Maneuvers are specialized actions and attacks that are more diffi cult than the standard melee and ranged attacks that characters can make as part of a combat round. Because these attacks accomplish additional effects above normal attack damage, they require Raises in order to be made. Certain Maneuvers can only be performed in particular Stances. It should be noted that these maneuvers do not constitute an exhaustive list of the things which a character might be able to accomplish with an attack. Rather, they specify the maneuvers that are most likely to come up during a skirmish. The GM and players should feel free to improvise other maneuvers based on the rules presented here.

Called Shot (Variable raises)
A Called Shot is an attack that specifically targets one section of the body. Without the Called Shot Maneuver, it is assumed that an attack will strike the target’s torso, but with an increasing number of Raises, smaller and more specific parts of the body can be targeted. A specific limb can be targeted with 1 Raise, a hand or foot with 2 Raises, the head with 3 Raises, or an eye, ear, finger, or other similarly small part with 4 Raises. There is no specific mechanical effect for striking a particular body part in this manner, although individual GMs may rule that a certain amount of damage may sever or destroy the body part in question, and any items held or worn on that part may be dropped or destroyed.

Disarm (3 Raises)
The Disarm Maneuver specifically targets a weapon held by the target, with the intent of knocking it out of the target’s grasp. A successful Disarm attack inflicts only 2k1 damage from the jarring impact of the strike, regardless of the weapon used, and characters executing this Maneuver do not add their Strength to the number of rolled damage dice. If the Maneuver is successful, the character and his target make a Contested Strength Roll. If the attacking character wins, the target drops the weapon in question. Weapons with wooden components that are the target of a Disarm Maneuver by weapons with a steel blade may be broken, at the GM’s discretion. Recovering a dropped weapon requires a Simple Action on the part of a character who has been Disarmed.

Extra Attack (5 Raises)
The ability to make multiple attacks per Turn is normally only granted by powerful School Techniques. This Maneuver allows anyone to gain an extra attack per Turn, however, as long as they have the skill necessary to pull it off. To gain an additional attack, a character must make 5 successful Raises on the first attack roll. These Raises confer no benefits, but if they succeed, the character may immediately make a second attack roll as soon as the first attack has been resolved (including damage). The Extra Attack Maneuver may only be used once per turn. The initial attack in this Maneuver must be successful, but the second may miss without any negative effects.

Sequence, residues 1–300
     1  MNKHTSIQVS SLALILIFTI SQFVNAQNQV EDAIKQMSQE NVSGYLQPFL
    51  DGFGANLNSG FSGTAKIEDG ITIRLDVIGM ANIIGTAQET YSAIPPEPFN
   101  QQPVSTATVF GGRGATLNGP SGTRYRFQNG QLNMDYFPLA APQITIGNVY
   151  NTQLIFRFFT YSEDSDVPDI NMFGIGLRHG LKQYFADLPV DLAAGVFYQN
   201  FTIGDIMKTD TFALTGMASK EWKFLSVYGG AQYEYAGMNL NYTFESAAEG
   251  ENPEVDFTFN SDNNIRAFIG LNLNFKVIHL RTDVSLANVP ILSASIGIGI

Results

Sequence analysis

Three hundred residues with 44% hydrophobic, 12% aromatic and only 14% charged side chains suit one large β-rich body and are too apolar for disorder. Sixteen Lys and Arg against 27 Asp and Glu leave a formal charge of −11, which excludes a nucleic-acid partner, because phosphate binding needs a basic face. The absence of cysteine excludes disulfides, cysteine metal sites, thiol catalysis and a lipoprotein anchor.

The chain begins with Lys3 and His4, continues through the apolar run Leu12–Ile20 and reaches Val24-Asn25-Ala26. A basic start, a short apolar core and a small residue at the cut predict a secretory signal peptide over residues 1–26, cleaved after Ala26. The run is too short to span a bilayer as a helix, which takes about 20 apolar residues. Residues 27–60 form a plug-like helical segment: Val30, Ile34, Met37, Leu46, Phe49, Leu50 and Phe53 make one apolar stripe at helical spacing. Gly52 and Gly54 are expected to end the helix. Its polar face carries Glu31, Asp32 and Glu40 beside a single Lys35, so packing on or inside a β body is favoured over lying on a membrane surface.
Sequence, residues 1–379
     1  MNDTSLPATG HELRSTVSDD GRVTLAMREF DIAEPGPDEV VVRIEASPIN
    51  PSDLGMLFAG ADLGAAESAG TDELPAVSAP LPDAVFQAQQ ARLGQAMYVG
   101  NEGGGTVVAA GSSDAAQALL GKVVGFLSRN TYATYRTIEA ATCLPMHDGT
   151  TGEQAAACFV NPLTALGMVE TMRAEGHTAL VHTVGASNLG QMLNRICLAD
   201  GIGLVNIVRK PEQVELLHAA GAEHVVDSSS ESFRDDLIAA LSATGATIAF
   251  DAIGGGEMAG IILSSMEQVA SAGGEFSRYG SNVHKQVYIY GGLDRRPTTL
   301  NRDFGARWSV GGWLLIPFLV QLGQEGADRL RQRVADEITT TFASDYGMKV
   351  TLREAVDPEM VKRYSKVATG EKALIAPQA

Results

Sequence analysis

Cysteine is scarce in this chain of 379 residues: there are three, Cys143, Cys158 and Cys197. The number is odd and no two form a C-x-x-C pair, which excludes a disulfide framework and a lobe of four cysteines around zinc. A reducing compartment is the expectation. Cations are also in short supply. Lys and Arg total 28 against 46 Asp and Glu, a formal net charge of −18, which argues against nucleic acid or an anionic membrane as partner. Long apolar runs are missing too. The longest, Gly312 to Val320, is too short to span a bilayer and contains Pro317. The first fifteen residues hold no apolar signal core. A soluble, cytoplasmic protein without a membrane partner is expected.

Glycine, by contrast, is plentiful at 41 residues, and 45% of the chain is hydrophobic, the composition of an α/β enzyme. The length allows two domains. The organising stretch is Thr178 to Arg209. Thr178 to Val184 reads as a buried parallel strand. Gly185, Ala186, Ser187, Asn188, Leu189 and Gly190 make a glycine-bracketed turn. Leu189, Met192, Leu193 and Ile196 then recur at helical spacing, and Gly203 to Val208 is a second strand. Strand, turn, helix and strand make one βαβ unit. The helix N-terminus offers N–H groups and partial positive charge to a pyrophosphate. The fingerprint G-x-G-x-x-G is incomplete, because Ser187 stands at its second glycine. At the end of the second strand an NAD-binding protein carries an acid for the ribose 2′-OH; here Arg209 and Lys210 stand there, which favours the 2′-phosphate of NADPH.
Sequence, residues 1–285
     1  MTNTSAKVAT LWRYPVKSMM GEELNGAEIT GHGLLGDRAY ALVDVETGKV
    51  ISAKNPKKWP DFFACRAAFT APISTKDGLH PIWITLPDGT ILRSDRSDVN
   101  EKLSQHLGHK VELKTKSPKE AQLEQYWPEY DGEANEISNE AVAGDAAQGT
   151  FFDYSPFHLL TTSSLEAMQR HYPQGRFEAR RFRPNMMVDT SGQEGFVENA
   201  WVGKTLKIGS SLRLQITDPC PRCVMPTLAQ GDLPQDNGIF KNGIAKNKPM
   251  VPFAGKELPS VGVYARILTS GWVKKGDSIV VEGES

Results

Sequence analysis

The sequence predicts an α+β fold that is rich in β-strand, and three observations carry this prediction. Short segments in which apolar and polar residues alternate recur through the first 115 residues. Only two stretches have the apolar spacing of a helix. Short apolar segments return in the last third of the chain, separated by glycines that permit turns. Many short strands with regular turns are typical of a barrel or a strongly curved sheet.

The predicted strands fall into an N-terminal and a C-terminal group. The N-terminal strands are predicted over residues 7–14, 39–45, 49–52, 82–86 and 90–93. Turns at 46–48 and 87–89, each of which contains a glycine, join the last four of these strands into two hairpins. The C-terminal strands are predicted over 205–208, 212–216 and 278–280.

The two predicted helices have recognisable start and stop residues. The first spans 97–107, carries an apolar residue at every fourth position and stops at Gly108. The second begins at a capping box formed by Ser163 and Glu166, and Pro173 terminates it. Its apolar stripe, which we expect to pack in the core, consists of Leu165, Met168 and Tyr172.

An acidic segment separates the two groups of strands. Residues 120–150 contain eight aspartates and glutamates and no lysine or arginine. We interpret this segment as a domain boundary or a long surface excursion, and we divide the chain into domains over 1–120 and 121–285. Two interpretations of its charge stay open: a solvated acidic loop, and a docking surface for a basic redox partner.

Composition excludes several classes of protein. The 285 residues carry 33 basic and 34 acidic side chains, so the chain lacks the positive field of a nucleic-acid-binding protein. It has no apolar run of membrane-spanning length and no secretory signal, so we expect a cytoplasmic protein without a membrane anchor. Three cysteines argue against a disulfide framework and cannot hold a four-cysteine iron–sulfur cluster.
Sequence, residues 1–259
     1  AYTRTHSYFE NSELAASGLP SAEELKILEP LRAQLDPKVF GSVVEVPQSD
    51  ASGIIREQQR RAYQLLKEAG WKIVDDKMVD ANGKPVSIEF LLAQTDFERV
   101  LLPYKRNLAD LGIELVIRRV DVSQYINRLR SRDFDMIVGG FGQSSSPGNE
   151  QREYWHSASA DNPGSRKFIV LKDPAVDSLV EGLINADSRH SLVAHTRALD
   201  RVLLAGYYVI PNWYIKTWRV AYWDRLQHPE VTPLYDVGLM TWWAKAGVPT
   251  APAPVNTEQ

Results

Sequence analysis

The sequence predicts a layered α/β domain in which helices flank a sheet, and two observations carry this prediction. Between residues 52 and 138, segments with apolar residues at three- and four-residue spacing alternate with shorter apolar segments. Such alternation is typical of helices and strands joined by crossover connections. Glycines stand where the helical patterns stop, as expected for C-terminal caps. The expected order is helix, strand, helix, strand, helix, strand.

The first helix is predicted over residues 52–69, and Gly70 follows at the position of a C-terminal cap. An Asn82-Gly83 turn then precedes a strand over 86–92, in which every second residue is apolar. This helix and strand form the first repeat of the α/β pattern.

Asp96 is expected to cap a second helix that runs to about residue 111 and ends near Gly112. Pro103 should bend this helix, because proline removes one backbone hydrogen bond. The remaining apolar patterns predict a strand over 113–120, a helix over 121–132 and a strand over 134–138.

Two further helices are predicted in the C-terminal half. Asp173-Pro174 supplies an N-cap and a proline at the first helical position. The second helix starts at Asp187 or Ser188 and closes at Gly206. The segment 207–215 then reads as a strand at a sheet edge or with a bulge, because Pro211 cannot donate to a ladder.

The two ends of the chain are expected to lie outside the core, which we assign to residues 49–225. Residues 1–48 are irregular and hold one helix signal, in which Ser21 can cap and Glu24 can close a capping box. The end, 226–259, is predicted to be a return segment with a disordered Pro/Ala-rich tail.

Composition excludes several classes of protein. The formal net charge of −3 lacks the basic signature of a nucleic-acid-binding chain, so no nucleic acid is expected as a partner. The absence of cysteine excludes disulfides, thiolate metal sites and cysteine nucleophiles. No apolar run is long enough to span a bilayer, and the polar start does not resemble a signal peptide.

Feint (2 Raises)
A Feint is an attack that contains, as its first component, a deceptive movement intended to make a target believe that the attack will come from one direction, and then the actual attack comes from another direction, exploiting a hole in the target’s defenses opened by their attempt to defend against the initial attack. If the Feint Maneuver is successful, half the amount by which the character’s attack roll exceeded the target’s Armor TN (taking the 2 Raises for his Maneuver into account) is added to the damage roll for that attack, to a maximum amount equal to fi ve times the character’s Insight Rank.

Guard (0 Raises)
Guard is a unique combat Action that does not actually require an attack roll. However, it has been placed here with Maneuvers for convenience, since it is used only in combat. During a skirmish, a character can choose to dedicate himself to protecting another character, making it harder for enemies to attack that person. Guarding is a Simple Action, and you may not take the Guard Action while in the Full Attack stance. When you declare a Guard Action, you must designate one other person within 5 feet of you. Until your next Turn, any time that person is within 5 feet of you, their Armor TN is increased by 10 and your Armor TN is decreased by 5.

Increased Damage (1 or more Raises)
The simplest of all Maneuvers, an Increased Damage Maneuver adds a bonus of 1k0 to the total of the damage roll that corresponds to the attack. Multiple Raises can be made to gain a larger amount of Increased Damage, but all Raises made in one combat Round count as one effect for the purposes of any mechanics that decrease the number of Raises required.